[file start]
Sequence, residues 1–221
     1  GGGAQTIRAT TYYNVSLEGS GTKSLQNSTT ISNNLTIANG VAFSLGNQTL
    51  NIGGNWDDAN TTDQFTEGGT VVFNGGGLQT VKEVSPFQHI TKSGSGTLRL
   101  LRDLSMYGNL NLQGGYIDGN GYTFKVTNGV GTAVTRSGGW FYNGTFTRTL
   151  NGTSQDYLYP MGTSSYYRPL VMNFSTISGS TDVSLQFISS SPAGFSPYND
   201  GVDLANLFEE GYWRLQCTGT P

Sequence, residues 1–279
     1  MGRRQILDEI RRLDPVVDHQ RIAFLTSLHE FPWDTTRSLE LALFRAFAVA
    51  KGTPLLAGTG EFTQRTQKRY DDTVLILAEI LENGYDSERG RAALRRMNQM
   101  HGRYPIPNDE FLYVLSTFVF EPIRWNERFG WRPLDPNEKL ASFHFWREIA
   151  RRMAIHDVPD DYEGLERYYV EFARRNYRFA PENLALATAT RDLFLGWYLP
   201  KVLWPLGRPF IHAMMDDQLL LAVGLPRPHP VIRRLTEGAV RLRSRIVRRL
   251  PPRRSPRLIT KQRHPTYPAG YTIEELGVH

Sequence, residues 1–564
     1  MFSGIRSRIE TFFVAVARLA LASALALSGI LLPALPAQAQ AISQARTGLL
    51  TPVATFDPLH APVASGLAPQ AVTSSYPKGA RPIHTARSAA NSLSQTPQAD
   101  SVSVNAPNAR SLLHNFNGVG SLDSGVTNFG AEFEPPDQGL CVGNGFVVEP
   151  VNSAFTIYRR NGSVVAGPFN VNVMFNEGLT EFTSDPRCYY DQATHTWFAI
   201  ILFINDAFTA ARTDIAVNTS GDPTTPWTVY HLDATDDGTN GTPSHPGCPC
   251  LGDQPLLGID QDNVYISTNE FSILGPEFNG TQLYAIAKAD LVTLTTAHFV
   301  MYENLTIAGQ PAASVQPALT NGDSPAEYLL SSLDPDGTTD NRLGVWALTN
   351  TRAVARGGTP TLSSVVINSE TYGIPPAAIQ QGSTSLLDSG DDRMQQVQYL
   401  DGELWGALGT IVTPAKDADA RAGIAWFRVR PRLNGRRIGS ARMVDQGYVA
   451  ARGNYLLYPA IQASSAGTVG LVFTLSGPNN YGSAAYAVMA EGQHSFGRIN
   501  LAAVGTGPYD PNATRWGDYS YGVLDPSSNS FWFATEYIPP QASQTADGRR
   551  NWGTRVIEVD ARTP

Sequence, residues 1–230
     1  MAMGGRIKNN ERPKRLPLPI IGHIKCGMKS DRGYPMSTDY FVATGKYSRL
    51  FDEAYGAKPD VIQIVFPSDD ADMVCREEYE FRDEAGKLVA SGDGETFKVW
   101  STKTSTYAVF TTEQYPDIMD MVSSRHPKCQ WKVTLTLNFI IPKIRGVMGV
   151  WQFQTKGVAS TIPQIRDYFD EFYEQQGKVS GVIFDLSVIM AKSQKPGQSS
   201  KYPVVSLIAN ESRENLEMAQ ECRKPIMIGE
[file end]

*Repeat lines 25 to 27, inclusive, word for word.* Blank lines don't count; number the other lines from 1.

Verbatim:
   501  LAAVGTGPYD PNATRWGDYS YGVLDPSSNS FWFATEYIPP QASQTADGRR
   551  NWGTRVIEVD ARTP

Sequence, residues 1–230